Washington, D.C. — Eastern Washington Congresswoman Cathy McMorris Rodgers (WA-05) and Congressman Joe Neguse (CO-02) reintroduced the bipartisan Secure Rural Schools Reauthorization Act. This legislation would reauthorize the U.S. Forest Service’s Secure Rural Schools (SRS) and Self-Determination Program through 2023. Cathy has successfully fought for reauthorization of this program during previous Congresses.
“The financial certainty the Secure Rural Schools (SRS) program provides is critical to people in rural Eastern Washington,” said Rodgers. “This legislation funds important infrastructure projects, public education, law enforcement, and other essential services to ensure no one in timber-dependent communities gets left behind. I’m proud to help lead this bipartisan bill to reauthorize the SRS program, protect these resources, and further invest in our rural communities.”
The Secure Rural Schools Reauthorization Act was first introduced in 2000 to assist counties containing tracts of federally-owned land that are tax-exempt. The program provides payments derived in part through timber receipts and other leasing activities within National Forests back to county governments where those forests are located.
“As we work to invest in America’s future, we must continue to provide support for our rural and mountain communities so that everyone can participate in the 21st Century. The Secure Rural Schools (SRS) program is a primary source of funding for schools, mountain search and rescue, road maintenance and other services that Coloradans rely on — from Walden to Glenwood Springs, and Granby to Grand Junction. I am proud to continue to work on this critical piece of legislation and will always advocate for our rural schools to ensure they receive the funding they need,” said Neguse.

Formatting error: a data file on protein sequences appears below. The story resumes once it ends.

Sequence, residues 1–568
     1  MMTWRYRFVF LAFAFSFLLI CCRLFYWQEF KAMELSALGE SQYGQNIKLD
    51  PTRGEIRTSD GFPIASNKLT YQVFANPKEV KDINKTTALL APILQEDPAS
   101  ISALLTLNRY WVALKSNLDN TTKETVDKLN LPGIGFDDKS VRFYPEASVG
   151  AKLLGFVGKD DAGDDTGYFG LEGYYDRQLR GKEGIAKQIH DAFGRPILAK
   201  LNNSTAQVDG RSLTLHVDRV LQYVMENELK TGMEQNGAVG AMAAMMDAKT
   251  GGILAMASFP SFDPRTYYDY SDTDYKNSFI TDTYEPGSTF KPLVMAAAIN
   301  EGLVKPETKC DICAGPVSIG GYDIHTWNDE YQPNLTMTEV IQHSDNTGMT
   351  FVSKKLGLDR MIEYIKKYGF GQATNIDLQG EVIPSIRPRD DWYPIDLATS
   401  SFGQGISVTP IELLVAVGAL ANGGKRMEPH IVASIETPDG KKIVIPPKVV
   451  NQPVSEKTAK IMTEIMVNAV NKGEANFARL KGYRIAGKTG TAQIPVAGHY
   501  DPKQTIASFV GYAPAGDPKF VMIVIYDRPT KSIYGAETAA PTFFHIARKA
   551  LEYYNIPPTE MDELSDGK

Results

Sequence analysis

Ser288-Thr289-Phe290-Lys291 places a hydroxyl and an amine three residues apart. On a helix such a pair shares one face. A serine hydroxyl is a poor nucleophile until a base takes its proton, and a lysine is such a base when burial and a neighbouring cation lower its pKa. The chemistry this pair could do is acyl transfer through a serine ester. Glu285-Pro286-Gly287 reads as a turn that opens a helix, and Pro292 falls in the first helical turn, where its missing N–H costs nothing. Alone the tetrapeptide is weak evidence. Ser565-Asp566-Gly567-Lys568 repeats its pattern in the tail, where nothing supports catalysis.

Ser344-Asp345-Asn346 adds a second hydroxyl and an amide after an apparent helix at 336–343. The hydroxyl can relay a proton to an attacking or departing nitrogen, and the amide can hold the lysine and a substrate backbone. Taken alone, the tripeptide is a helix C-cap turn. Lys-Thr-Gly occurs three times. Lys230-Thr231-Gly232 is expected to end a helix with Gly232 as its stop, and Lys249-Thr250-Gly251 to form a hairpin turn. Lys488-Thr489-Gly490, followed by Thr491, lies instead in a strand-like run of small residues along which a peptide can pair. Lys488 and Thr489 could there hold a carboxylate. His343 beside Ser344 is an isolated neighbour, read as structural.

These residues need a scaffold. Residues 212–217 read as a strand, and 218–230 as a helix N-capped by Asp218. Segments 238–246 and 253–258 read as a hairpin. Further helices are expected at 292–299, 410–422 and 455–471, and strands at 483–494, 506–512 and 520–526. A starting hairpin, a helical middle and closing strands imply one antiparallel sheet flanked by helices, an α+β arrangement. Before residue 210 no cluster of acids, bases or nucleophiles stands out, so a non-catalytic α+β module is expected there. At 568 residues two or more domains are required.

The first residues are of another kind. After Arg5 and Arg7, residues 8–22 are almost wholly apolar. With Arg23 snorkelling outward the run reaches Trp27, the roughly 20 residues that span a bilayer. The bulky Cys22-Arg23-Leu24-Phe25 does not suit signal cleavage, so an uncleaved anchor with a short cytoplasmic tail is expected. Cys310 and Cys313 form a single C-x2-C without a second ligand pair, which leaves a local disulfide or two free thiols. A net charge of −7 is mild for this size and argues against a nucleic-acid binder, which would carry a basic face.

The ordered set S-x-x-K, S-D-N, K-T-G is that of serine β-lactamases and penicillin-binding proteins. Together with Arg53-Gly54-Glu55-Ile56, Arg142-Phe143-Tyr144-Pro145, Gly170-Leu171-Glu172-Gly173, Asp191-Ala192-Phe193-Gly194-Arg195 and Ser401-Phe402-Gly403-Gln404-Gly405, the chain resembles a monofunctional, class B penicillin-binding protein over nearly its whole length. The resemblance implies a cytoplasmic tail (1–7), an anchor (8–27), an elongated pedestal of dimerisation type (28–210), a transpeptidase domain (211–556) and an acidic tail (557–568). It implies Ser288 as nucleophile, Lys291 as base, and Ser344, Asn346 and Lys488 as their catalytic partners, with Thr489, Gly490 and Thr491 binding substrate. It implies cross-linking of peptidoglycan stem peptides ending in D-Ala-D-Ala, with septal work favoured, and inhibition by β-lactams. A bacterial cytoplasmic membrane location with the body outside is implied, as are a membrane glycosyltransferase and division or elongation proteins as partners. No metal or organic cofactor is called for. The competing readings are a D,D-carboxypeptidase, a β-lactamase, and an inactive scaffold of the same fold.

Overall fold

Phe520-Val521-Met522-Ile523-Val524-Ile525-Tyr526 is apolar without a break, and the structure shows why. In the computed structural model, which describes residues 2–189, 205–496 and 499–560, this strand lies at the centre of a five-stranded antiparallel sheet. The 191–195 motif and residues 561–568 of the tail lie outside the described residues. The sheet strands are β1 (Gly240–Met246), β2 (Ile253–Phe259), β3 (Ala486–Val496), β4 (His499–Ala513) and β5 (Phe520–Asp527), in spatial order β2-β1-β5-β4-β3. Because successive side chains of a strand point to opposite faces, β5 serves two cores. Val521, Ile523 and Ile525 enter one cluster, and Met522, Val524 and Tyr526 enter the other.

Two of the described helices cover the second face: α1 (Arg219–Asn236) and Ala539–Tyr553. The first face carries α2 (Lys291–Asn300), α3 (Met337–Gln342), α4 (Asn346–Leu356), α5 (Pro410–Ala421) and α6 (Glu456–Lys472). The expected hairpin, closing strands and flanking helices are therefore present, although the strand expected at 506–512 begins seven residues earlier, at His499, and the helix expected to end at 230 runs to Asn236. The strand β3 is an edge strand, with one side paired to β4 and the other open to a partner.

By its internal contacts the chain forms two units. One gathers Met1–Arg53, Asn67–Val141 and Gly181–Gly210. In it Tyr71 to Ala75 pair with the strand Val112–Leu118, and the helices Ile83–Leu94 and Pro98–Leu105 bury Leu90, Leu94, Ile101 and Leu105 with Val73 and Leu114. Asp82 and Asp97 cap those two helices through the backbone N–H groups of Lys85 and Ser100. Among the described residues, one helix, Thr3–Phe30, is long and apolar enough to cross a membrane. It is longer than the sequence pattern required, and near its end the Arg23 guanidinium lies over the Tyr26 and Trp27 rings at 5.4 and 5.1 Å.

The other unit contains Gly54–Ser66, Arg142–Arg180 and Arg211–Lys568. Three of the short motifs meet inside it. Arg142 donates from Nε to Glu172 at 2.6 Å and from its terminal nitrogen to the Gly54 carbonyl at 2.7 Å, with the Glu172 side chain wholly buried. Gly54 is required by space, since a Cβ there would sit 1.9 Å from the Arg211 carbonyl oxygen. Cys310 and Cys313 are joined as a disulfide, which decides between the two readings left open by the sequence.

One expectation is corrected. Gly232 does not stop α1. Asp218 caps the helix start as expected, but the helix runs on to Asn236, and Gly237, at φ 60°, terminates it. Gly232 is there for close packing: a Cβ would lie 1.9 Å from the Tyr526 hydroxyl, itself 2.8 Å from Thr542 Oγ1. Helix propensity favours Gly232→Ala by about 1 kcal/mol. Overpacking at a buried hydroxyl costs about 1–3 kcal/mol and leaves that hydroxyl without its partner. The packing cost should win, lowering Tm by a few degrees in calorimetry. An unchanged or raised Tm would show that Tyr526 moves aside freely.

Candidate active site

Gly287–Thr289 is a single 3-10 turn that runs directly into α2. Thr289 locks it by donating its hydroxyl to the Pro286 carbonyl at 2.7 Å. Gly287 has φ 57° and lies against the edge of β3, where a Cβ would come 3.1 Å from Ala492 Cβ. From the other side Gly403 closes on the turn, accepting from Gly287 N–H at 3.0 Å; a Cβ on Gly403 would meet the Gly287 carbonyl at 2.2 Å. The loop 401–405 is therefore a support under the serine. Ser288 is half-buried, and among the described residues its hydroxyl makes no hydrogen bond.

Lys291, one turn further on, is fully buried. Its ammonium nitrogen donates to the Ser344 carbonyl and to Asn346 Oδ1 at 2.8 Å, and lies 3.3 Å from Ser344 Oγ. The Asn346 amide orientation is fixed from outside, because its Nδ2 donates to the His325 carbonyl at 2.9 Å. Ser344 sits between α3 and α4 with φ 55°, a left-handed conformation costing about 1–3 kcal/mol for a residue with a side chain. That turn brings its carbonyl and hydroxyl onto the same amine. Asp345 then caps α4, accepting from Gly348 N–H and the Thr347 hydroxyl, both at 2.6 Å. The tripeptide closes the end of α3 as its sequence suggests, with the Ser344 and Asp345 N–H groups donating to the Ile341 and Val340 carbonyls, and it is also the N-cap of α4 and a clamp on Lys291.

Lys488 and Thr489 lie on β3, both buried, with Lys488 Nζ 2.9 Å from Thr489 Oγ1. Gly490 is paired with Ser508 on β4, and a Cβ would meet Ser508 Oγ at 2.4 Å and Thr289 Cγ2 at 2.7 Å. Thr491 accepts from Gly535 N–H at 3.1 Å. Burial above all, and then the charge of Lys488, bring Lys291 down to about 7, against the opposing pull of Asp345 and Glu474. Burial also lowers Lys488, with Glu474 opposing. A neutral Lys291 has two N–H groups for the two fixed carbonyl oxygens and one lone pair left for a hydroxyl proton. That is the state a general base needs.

Companion legislation has been introduced in the Senate by Senators Mike Crapo (R-ID), Ron Wyden (D-OR), James Risch (R-ID), and Jeff Merkley (D-OR).
NOTE: Nearly 100 years ago, Congress passed legislation to specify that 25 percent of revenues from timber harvests on federal lands would be shared with affected counties. These funds went to public schools, roads, and other municipal needs. Unfortunately, over the past few decades, timber production has drastically fallen on federal lands. This has devastated the tax base and virtually eliminated revenue sharing for essential services. Reforms are needed to better take care of our forests and get people back to work. In the meantime, certainty needs to be provided to our counties by extending SRS. Currently, the uncertainty caused by the expiration of this program makes it nearly impossible for these counties to plan annual budgets or invest in public education or infrastructure.